Plan to lay off excess staff, trim salaries of top executives.
Faced with a tight liquidity scenario in the wake of demonetisation and Real Estate (Regulation & Development) Act, 2016, or Rera, kicking in, property developers are looking to cut costs on all fronts to save cash and maintain bottom line. And, they are looking at cutting down on everything -- from salaries and marketing expenses to the number of jobs in their companies.
“We are in the worst phase of the industry with demonetisation, Rera, and a general slowdown. We have to gear up for these tough times for the next six months to a year,” said Vijay Wadhwa, chairman of Wadhwa Group, one of the biggest developers in Mumbai.
The Wadhwa Group, according to him, is looking to slash excess staff by 10-15 per cent and rethink top salaries to save cash.
“People and the whole organisation have to be very efficient. Otherwise, we will not survive,” Wadhwa added.
Wadhwa said prominent developers in Mumbai were informally discussing ways to cut costs, save cash and how to brace for tough times.
Another developer in Mumbai said they were looking to put 30 per cent of the salaries drawn by people who earn Rs 1 lakh and above in escrow accounts and release the same when things get better.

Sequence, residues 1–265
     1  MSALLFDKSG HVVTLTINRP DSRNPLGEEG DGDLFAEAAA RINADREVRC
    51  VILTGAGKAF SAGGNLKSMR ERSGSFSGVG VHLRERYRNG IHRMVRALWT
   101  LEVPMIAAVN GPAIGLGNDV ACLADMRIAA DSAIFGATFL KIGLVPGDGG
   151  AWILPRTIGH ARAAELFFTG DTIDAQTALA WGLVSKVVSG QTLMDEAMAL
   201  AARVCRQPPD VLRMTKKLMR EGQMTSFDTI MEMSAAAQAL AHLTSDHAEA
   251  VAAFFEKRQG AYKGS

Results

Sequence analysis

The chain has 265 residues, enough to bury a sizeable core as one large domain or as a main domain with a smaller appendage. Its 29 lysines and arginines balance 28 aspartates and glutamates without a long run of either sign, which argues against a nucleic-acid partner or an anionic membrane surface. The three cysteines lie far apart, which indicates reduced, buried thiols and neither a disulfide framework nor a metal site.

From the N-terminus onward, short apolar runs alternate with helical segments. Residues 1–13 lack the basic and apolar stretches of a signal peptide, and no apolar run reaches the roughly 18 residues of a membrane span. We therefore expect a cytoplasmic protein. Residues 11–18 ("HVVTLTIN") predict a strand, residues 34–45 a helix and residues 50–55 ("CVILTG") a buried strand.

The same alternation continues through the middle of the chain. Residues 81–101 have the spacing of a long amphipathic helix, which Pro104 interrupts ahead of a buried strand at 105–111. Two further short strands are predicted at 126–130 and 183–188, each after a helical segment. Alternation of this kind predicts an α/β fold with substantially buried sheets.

“We do not want to take their money. We just want to make our company stay afloat in tough times,” said the chairman of a company, asking not to be identified.
Sandeep Runwal, director at Runwal Group, said his company would look to rationalise all costs and run a more efficient operation, with much lower overheads. He said for the time being, the company would not look at any new land acquisitions.
Fitch Ratings recently said that residential property sales of most residential developers to come down by at least 20-30 per cent in 2017, because of the government’s move to demonetise certain currency notes.
“The government’s move in November 2016 to curtail undeclared wealth by demonetising certain currency notes is likely to take a toll on demand. Property and gold are popular instruments for investing undeclared income in India’s large cash-based economy,” it said.
Fitch expects the credit profiles of most residential developers to weaken, as slower sales could mean cash collections will lag construction commitments.
“This would be particularly true for companies that have aggressively expanded their land banks in the past two years, using cash collections from previously sold properties,” said Fitch.
The recent Reserve Bank of India move to keep rates unchanged also comes as a dampener for developers. They were expecting 25 to 50-basis point cut.
“It is a disappointment for all industries, including real estate. For developers to cut prices, their cost of funding should come down first,” said Rajeev Talwar, chief executive officer at DLF, the country’s largest developer.
Talwar said RBI’s decision (of not cutting rates) would accentuate the liquidity conditions of property developers barring a few such as DLF.
“Most of the small and medium sized firms have already asked for restructuring of loans,” he added.
Nitesh Shetty, chairman and managing director at Bengaluru-based Nitesh Estates, said one should reduce all costs when residential sales are slow.